Camelot Portfolios Talking Points

Revisiting Chinese Debt Bubble

As capital markets become more entangled in the global web, China has seemed to stay on the sidelines in allowing its debt to affect the world market. Debt in China continues to rise compared to its growth in GDP. Currently, Debt to GDP stands close to 250%, which is a considerable rise from 150% in 2008 (IMF, PBOC). This increase in debt is largely dictated by the communist party's objective to stimulate economic growth with massive infrastructure policy (Kushlis). Prior indications point to continued infrastructure building even beyond the current slowdown because of the party’s belief in continual urbanization across China. Outside of the push to continue to have expansive growth in China its citizens are the best savers in the world with a savings rate hovering close to 51.6 percent (Chaturvedi).

 

While China has frugal minded citizens its financial sector does not exhibit the same conservative tendencies. The Chinese banking sector outside of its major banks has seen elevated delinquencies and bankruptcies in loans. These are emerging in what are so-called tier 2 and tier 3 cities in China (Kushlis). In perspective, this is equivalent to cities like Las Vegas, Orlando, and Phoenix in the United States. State run banks continue to only accommodate certain industries while restricting others (Kushlis). It is inevitable to see cracks within the Chinese financial structure but it is likely government officials will continue to avert disaster with ongoing stimulants for the Chinese economy.

Yellen Talks to Congress about the Economy

In the waning weeks of the 114th session of Congress, Janet Yellen met in front of joint committees of Congress to talk about the US economy. Mrs. Yellen opened her testimony giving indications of a rate hike in the near future. She stressed the importance of the underlying macro fundamentals like housing formation, labor and inflation in her opening remarks. Another key point of interest was that monetary policy should be “moderately accommodative” to macroeconomic trends. Mrs. Yellen is still keen on raising interest rates to the intended 2 percent target in due time. The Federal Open Market Committee (FOMC) is aware of the problems with keeping interest rates lower than .5 percent, and their intent is not to encourage “aggressive” market activity.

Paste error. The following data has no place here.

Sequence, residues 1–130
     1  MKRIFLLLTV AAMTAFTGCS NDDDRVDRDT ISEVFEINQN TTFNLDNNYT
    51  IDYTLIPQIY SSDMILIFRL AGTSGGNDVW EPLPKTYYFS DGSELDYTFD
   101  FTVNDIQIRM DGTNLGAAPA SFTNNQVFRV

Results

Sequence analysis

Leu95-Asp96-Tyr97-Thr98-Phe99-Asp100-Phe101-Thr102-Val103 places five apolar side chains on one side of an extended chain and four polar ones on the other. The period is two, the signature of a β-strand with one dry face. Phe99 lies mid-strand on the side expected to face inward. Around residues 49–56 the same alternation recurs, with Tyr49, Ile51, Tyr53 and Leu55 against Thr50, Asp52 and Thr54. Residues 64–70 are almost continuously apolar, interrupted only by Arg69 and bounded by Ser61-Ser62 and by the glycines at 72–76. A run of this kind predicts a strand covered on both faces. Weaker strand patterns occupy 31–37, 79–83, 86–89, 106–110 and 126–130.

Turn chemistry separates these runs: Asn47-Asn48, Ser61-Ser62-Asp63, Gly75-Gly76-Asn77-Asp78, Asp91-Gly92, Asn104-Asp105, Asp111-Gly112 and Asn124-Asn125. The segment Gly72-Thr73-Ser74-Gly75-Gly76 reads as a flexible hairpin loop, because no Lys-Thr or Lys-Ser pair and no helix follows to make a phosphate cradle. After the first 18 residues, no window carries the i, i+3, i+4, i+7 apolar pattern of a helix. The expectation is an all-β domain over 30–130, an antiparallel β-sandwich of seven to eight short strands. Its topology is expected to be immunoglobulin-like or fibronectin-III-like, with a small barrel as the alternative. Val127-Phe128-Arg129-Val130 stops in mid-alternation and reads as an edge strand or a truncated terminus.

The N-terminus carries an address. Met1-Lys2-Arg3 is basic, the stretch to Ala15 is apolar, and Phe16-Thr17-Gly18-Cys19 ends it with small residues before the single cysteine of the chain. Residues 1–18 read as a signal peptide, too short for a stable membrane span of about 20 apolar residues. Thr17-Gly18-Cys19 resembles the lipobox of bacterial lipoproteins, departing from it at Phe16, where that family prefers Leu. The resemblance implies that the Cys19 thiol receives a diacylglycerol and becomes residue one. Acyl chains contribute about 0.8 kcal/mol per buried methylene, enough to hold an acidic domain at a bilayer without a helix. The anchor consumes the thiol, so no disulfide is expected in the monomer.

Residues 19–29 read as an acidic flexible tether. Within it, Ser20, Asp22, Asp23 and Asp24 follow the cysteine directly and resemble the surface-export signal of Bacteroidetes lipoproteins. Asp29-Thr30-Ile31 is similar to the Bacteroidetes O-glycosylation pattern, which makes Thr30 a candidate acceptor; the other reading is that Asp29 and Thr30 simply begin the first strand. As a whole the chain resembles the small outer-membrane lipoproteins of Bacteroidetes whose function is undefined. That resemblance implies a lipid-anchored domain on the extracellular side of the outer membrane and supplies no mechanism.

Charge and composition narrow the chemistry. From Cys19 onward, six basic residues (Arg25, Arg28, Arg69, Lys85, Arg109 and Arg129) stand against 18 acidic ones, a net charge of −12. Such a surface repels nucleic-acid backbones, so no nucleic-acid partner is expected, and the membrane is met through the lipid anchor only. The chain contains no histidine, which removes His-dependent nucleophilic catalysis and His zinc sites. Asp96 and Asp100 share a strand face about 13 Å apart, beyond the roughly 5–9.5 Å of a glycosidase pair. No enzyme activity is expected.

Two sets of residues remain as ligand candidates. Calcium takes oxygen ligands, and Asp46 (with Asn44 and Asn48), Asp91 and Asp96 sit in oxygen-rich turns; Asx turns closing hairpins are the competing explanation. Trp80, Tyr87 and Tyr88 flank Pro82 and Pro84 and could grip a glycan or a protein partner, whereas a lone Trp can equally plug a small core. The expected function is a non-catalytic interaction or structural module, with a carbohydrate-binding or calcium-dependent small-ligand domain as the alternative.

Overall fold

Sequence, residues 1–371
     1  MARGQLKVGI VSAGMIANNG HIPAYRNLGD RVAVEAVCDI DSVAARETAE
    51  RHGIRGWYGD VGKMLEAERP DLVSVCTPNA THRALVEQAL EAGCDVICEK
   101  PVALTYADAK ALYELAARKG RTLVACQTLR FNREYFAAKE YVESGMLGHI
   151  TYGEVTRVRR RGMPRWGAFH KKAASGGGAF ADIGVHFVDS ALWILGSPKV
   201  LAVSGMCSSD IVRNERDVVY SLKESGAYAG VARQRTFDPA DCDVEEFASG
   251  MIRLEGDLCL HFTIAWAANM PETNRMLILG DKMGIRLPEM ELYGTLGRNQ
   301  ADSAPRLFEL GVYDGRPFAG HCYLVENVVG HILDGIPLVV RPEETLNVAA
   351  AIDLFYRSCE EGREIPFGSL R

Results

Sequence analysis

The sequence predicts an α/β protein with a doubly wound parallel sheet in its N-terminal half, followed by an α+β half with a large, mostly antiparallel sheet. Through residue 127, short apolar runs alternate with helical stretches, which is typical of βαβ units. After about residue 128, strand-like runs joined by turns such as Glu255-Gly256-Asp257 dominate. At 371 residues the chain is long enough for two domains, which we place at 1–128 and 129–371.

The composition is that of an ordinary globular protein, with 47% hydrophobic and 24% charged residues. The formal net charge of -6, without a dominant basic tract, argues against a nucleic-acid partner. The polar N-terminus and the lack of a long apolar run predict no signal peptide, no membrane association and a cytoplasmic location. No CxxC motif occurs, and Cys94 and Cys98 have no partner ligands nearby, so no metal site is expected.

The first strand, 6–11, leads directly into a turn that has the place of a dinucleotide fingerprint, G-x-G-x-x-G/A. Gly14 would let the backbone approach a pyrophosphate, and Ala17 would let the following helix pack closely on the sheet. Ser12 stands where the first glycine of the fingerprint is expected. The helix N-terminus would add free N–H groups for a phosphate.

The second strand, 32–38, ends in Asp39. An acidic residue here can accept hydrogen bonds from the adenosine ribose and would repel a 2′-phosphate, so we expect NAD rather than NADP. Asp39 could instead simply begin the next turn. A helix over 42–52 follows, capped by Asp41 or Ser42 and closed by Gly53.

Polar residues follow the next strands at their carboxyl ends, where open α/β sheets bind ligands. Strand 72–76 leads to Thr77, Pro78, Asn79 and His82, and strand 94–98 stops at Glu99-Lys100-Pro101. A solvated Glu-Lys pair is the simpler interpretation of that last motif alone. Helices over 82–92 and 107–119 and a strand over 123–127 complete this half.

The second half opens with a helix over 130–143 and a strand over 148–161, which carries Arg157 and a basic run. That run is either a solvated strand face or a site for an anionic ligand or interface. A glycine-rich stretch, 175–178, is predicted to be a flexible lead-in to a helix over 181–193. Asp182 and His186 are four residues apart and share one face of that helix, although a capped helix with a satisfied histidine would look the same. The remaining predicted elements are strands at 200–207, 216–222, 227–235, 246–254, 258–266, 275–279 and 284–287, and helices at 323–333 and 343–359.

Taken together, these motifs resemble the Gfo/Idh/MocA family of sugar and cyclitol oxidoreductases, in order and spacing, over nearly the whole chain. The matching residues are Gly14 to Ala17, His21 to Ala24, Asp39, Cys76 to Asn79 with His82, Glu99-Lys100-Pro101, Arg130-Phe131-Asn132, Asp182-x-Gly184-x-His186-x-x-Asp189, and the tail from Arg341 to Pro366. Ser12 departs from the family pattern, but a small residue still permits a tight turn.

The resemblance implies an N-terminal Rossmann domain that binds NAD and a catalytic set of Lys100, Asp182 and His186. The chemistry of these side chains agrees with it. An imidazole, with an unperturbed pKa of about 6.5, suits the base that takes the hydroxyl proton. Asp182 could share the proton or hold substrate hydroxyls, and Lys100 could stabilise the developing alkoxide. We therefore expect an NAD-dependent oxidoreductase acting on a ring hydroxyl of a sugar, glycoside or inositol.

After the conclusion of Mrs. Yellen’s testimony about the American economy members of Congress asked questions ranging from differing viewpoints. One of the questions asked from Congress pertained to revising the stated objectives of the Fed. Mrs. Yellen did not seem swayed by this and continued to state the benefits of the objectives laid out by Congress a century ago. Another probing question was on the independence of the Fed. Again, she discussed the benefits for having an independent monetary policy. Although the questions from Congress did not overtly paint Mrs. Yellen into a corner she delivered confident remarks pointing out the US economy is heading in a positive direction.

 

Compiled by the Camelot Portfolios Investment Committee

Darren Munn, CFA, Chief Investment Officer

Sarah Berndt, Portfolio Manager

Eric Kartman, Research

Drew Steinman, CPA, Trader/Research

Frank Echelmeyer, MBA, CKA®, Advisor Consultant

-for Broker/Dealer and RIA use only-

 

Bibliography

Chaturvedi, Neelabh. Just how much does China save vs the rest of world? October 2015. 2016.

IMF, PBOC. Rise in China's Debt. March 2016. 2016.

Kushlis, Chris. "China's Rising Debt." Price Point October 2016: 1-6.

Disclosure

The materials presented is for use by professional advisors only.  It isintended as informational and educational, and is not intended to be interpreted as investment advice.  The references to specific investment ideas, be they concepts, trends, sectors or even specific securities, are not recommendations for any advisor to adopt for any of their clients.  No investor or client reading these materials should view them as investment advice.  These materials are to be utilized as a catalyst for thought and discussion regarding the economy, investments, and responsible investing in general.  Past performance is not necessarily indicative of future returns, and there is no guarantee that any information presented herein will contribute to a profitable portfolio.  All facts referenced herein are derived from sources believed to be reliable.  A318